WASHINGTON, DC — Depression and anxiety as defined by Mental Health Index-5 (MHI-5) score predicted worse disease activity and functional disability in patients with rheumatoid arthritis (RA), according to findings presented at the 2016 ACR/ARHP Annual Meeting, November 11-16, 2016 in Washington, DC.
Christine Iannaccone, from the Brigham and Women’s Hospital and Harvard Medical School in Boston, Massachusetts and colleagues recruited 992 participants (mean age 57 (±13.6) years, 82.6% women) to participate in a prospective, longitudinal RA cohort study that included serial joint exams, serological analyses, and patient-reported measures.
Participants were screened for depression and anxiety using the Mental Health Index-5 (MHI-5) once a year for 2 years. Univariate analyses were performed at baseline using MHI-5 as a dichotomous variable (scale 0-100, with a score ≤65 being defined as positive for mood/anxiety disorder) to study the association between depression/anxiety and age, gender, ethnicity, seropositivity, education, social support (Berkman Social Network Index), disease duration, disease activity measures (Disease Activity Score in 28 joints [DAS28]- C-reactive protein [CRP], Rheumatoid Arthritis Disease Activity Index [RADAI], CRP), and functional disability (MHAQ).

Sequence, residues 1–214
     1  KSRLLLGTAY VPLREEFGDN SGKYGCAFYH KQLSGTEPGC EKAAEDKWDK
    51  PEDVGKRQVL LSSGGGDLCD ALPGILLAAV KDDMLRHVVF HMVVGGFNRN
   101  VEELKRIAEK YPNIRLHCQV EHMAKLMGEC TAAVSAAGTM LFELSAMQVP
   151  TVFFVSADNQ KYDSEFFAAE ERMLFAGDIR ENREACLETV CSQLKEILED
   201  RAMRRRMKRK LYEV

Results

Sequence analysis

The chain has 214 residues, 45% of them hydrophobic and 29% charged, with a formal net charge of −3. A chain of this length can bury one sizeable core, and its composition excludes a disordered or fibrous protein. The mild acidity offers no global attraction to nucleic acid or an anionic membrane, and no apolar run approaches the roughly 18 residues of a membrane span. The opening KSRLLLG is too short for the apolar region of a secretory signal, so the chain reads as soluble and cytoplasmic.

The researchers further examined the association between MHI-5 and RA disease activity and functional disability with linear repeated mixed model analyses.
The researchers found that depression and anxiety measured with MHI-5 were associated with disease duration and activity (DAS28-CRP3 (P <.0001)), with functional disability (MHAQ (P<.0001), education (P =.04), and social support (P =.0006).
Linear repeated mixed model analyses indicated that MHI-5 mood/anxiety disorder predicted worse DAS28-CRP (P =.0002), worse RADAI scores (P <0.0001), and worse MHAQ scores ( P <.0001) one year later. MHI-5 score did not predict worse CRP levels over time (P =.48). Lower education also predicted worse DAS28-CRP (P =.03), RADAI (P =.0007), and MHAQ (P =.0002) scores.
“Ongoing monitoring and treatment of a patient’s mental health is important and may impact long-term RA outcomes,” the authors concluded.
Iannaccone C, Mahmoud TG, Cui J, Shadick NA. Symptoms of depression and anxiety predict worse disease activity and functional disability in a cohort of established rheumatoid arthritis patients. Presented at: 2016 ACR/ARHP Annual Meeting. November 11-16, 2016; Washington, DC. Abstract #1173.
This article originally appeared on Rheumatology Advisor